Thursday, June 4, 2009

Great Speech © Megan Snider


Ha ha! Look, it includes T.S. Eliot. I guess I'm not the only one who thought he might have been mentally ill.

I must admit, I'm not quite sure who this fellow is. His speech is nice, though. That's all I will say about that.

© Megan Snider

Yes, I am familar with NAMI (the National Alliance for Mental Health). I will say nothing more than that.

Crisis of Faith © Megan Snider

"Burning burning burning burning

O Lord Thou pluckest me out

O Lord Thou pluckest


--Eliot "The Wasteland" (click to read)

I've been under a huge amount of stress lately-- mainly with men (who never stay), friends, jobs, and my general deterioration of mental health. My father tells me that my descriptions of my mental symptoms are vague. I used expressions such as "I don't feel real," "I feel like there is a thunderstorm in my brain," "I felt like an inanimate object when I took Haldol (but it helped.)"

This may be for a combination of reasons. Aside from snickers of Schizophrenia, my description of my mental states may simply be over-worded or abstract because of my ongoing heated affair with words. I don't want to use words like other people do.

Since my bout with Tardive Dyskenisia, which I basically consider a strong seizure or brain malfunction, I feel quite damaged. My body went through Hell for three hours and I still feel the electrical pain of that rigor and it stalks me in my memories and dreams. Since the T.D., my brain has not felt right. Now, I have gone through a depressive episode since then which I am still in. It is quite severe. Nonetheless, my brain feels like it has been scorched too long in God's furnace. That's why I stuck that quote in from Eliot. I am a burning woman for many reasons, but primarily tonight my brain burns.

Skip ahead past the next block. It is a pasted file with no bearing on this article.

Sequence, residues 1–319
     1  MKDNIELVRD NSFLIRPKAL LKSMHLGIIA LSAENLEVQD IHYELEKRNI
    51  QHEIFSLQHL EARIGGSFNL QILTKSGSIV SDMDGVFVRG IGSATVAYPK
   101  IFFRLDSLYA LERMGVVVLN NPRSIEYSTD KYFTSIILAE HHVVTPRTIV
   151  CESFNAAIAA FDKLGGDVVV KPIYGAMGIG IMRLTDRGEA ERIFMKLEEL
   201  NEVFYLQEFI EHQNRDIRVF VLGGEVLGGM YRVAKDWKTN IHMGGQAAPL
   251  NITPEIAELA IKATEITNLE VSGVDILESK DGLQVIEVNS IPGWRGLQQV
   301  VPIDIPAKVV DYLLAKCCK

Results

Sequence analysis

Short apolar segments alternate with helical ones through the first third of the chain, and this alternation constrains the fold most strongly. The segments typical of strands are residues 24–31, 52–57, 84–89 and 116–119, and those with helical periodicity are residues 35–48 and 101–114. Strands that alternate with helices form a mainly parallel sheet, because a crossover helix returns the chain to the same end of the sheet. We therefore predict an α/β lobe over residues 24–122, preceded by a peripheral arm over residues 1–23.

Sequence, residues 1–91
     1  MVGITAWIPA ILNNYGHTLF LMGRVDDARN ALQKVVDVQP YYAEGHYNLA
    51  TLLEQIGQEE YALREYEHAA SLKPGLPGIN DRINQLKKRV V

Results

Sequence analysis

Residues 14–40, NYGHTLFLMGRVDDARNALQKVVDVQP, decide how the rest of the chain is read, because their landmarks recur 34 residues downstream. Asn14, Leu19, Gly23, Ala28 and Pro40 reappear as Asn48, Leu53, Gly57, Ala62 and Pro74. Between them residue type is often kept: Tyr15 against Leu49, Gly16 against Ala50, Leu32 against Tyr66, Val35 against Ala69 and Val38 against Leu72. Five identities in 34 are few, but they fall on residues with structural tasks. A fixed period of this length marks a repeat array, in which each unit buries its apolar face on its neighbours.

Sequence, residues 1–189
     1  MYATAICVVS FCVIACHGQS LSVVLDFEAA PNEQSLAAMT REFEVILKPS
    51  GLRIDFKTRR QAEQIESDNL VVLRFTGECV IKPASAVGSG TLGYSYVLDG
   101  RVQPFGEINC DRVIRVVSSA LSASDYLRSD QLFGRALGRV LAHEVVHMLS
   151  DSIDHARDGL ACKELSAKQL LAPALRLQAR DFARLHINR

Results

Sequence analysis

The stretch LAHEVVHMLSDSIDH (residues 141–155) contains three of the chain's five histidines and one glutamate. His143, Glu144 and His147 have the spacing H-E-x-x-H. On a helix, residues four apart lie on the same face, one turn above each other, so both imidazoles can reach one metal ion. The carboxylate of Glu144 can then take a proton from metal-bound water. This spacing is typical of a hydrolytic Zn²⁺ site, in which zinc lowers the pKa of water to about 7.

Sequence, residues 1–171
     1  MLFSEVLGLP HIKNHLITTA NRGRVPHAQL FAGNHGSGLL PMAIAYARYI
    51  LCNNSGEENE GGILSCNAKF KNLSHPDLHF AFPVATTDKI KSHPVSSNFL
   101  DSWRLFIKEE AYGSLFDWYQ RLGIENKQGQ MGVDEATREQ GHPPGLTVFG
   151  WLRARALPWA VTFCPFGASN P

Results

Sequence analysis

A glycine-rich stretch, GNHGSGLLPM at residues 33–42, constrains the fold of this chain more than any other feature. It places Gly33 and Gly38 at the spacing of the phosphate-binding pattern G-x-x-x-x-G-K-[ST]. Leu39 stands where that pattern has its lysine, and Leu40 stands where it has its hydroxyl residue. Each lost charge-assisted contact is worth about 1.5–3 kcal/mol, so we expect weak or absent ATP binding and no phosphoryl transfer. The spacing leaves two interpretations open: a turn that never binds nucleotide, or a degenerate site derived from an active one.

I have made the statement on many occasions that my brain hurts. I feel quite a lot of pain in my head. I have been suffering headaches for three weeks. I don't want this blog to turn into the "poor me chronicles". I am interested to know if anyone else with mental illness experiences "brain pain" or, as I like to call it, "brain freeze". Though, I must admit, there is little freezing in the neuropathological pain.

Kafka came out with his pain. That is why I love him dearest. Dickinson’s life vaguely mimics mine—we both hide, though I am no wordsmith to that degree. Eliot, I believe to a great deal, lied about his circumstances. I’ve read a lot about him and generally he seemed to have it together. The word I’d like to underline in that prior sentence is “seemed”. His wife, as we all know, was ill. Yes, yes, Mrs. Eliot, ill, yes, yes, allusions to her in “The Wasteland.” Maybe it is the use of the voices in “The Wasteland” that points me to the conclusions of mental illness in the poem. That could very well be it. So much of what I read there points me towards psychosis and schizophrenia and delusions and a general disarray of scattered mental health problems.

Some of his other poems give off this impression and some do not. So, I will leave Mr. Eliot alone. You may very well point out that I am hiding again, picking apart poets. Yes, you are quite right. I find comfort in that. Poets, whether they want to be or not, are my friends. Ah, maybe I should say their words are my friends. That is better.

But I seem to exist in a haze and where my written word succeeds, my spoken word falters. I search for words, I forget words, if I try to speak too quickly sometimes I stutter or my tongue stumbles over words. My word order is also wrong most of the time. I know these are common cognitive impairments brought on by psychoactive drugs, yet the drugs aren’t helping much. My parents say I seem better when I’m off the drugs, yet that is when I feel the most vulnerable. Yet the drugs…The drugs do not make the psychosis shrink or the depression crumble or the panic shudder…Ah, it is all a paradox and I am trapped in the middle. What to do?